Space Division Multiple Access (SDMA), which uses beamforming techniques to exploit the spatial diversity of different users, can significantly increase system capacity as well as the communication range between users and the basestation. In this paper, we consider the SDMA uplink channel, whereby a pool of users wish to communicate with a basestation with a fixed quality of service (QoS) requirement. We analyze the SDMA average user capacity defined as the average maximum number of random users that can be scheduled for simultaneous transmission, while meeting their respective QoS requirements. Using a standard probabilistic model involving narrow-band and far-field assumptions for the random users, we characterize the average user capacity in terms of the number of antennas, the QoS requirement, number of users and the maximum SNR (signal to noise ratio) among all users. These results act as a system design guide, offering insight into the tradeoff between hardware cost and system performance.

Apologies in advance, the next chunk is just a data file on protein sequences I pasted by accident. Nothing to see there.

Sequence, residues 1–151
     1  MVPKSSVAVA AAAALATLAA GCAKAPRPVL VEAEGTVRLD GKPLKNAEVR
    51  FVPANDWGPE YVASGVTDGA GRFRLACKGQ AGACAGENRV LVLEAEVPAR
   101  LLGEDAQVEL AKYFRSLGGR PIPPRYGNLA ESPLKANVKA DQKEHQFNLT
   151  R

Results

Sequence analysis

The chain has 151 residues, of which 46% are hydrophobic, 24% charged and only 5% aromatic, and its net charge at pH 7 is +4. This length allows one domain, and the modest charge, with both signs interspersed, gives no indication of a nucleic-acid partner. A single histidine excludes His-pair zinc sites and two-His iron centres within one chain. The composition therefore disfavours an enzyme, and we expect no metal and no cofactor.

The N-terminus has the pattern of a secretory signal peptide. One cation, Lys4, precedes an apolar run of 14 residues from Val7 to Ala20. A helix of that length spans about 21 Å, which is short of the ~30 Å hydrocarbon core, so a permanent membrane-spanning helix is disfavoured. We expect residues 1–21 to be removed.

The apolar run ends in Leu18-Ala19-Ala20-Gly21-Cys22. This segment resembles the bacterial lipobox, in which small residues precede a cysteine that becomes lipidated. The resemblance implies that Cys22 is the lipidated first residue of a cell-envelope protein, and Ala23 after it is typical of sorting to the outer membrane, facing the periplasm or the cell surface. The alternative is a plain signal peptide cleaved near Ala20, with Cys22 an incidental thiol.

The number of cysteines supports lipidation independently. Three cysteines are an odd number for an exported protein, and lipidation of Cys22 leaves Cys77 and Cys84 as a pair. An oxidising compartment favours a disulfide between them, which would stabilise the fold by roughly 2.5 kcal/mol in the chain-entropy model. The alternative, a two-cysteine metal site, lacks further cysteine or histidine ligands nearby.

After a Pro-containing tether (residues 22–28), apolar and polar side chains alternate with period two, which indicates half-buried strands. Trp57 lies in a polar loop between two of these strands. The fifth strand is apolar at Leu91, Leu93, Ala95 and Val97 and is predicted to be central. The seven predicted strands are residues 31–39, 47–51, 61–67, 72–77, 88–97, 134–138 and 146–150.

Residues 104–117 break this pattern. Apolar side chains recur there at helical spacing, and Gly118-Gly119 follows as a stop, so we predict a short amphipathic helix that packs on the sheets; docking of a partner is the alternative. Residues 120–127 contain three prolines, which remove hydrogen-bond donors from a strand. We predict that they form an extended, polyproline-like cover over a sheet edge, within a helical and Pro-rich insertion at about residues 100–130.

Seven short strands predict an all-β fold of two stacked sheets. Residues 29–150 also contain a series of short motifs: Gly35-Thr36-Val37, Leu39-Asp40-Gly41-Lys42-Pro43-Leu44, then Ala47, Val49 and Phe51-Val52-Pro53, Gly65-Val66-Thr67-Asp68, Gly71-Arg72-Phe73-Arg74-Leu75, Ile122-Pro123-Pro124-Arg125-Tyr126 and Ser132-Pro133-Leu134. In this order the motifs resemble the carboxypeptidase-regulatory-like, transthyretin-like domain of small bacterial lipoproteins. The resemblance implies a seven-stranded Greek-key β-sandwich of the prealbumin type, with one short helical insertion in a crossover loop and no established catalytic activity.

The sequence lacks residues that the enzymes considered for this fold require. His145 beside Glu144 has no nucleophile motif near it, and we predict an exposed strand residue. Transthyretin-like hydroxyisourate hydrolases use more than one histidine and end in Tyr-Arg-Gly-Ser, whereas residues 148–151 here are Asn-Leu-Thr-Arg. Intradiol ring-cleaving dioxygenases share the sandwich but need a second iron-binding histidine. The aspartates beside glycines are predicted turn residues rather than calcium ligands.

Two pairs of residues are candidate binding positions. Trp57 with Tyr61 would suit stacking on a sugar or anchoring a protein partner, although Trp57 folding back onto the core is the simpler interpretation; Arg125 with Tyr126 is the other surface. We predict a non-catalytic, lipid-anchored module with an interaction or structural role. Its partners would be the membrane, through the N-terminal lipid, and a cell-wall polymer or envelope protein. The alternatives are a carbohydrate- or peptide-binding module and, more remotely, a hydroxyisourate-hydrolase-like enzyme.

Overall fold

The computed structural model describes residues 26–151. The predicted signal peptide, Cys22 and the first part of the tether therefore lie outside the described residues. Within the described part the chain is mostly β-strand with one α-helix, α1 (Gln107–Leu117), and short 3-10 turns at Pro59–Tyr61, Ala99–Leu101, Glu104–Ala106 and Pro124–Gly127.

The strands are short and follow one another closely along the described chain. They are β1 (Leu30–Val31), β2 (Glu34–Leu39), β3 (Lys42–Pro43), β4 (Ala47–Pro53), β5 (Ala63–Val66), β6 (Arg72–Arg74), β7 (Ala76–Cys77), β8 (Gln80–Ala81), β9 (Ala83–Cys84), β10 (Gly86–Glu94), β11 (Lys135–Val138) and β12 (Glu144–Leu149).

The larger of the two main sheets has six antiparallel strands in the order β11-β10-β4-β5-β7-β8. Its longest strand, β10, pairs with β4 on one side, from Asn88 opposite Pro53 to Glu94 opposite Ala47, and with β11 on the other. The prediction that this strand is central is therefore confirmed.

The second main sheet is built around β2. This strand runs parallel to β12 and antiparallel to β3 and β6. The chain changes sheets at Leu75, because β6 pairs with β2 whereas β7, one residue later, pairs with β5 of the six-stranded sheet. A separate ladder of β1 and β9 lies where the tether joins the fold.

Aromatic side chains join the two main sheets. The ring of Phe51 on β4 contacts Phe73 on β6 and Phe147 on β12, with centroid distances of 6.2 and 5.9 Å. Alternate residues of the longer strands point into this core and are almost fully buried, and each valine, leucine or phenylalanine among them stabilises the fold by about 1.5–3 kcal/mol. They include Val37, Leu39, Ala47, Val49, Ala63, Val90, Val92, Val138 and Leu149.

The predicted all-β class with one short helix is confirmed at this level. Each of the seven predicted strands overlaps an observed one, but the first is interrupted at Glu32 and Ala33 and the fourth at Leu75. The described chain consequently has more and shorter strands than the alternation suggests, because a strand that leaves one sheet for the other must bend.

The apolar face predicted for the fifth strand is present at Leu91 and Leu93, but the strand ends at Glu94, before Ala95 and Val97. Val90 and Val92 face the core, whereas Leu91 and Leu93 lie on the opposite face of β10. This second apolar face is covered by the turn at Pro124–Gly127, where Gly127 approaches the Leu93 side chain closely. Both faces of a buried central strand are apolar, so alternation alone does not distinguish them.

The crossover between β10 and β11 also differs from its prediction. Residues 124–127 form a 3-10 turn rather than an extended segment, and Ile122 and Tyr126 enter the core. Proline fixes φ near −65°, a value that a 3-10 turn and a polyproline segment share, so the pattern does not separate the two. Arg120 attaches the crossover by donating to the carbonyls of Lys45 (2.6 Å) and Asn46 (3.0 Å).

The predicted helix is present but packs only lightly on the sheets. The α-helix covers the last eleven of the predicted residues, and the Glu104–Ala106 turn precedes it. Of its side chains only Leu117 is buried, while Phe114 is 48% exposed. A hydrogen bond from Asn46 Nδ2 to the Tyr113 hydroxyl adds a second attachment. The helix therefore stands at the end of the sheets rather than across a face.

|Original language||English (US)|
|Number of pages||5|
|Journal||Conference Record of the Asilomar Conference on Signals, Systems and Computers|
|State||Published - 2003|
|Event||Conference Record of the Thirty-Seventh Asilomar Conference on Signals, Systems and Computers - Pacific Grove, CA, United States|
Duration: Nov 9 2003 → Nov 12 2003